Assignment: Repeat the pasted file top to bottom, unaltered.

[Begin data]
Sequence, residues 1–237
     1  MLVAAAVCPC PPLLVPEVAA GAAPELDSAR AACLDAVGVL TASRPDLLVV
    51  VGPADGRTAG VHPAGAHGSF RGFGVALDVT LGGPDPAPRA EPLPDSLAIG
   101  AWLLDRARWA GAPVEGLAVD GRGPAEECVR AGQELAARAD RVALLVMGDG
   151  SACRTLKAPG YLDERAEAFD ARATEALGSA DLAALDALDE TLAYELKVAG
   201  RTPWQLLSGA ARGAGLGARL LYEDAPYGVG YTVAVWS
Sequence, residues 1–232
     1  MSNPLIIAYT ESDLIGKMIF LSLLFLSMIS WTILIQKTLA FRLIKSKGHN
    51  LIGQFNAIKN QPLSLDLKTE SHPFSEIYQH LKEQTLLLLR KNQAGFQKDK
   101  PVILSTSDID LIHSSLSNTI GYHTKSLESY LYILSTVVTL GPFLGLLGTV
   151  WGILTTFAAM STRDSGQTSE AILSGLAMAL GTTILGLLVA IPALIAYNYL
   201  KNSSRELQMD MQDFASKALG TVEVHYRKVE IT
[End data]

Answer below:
Sequence, residues 1–237
     1  MLVAAAVCPC PPLLVPEVAA GAAPELDSAR AACLDAVGVL TASRPDLLVV
    51  VGPADGRTAG VHPAGAHGSF RGFGVALDVT LGGPDPAPRA EPLPDSLAIG
   101  AWLLDRARWA GAPVEGLAVD GRGPAEECVR AGQELAARAD RVALLVMGDG
   151  SACRTLKAPG YLDERAEAFD ARATEALGSA DLAALDALDE TLAYELKVAG
   201  RTPWQLLSGA ARGAGLGARL LYEDAPYGVG YTVAVWS
Sequence, residues 1–232
     1  MSNPLIIAYT ESDLIGKMIF LSLLFLSMIS WTILIQKTLA FRLIKSKGHN
    51  LIGQFNAIKN QPLSLDLKTE SHPFSEIYQH LKEQTLLLLR KNQAGFQKDK
   101  PVILSTSDID LIHSSLSNTI GYHTKSLESY LYILSTVVTL GPFLGLLGTV
   151  WGILTTFAAM STRDSGQTSE AILSGLAMAL GTTILGLLVA IPALIAYNYL
   201  KNSSRELQMD MQDFASKALG TVEVHYRKVE IT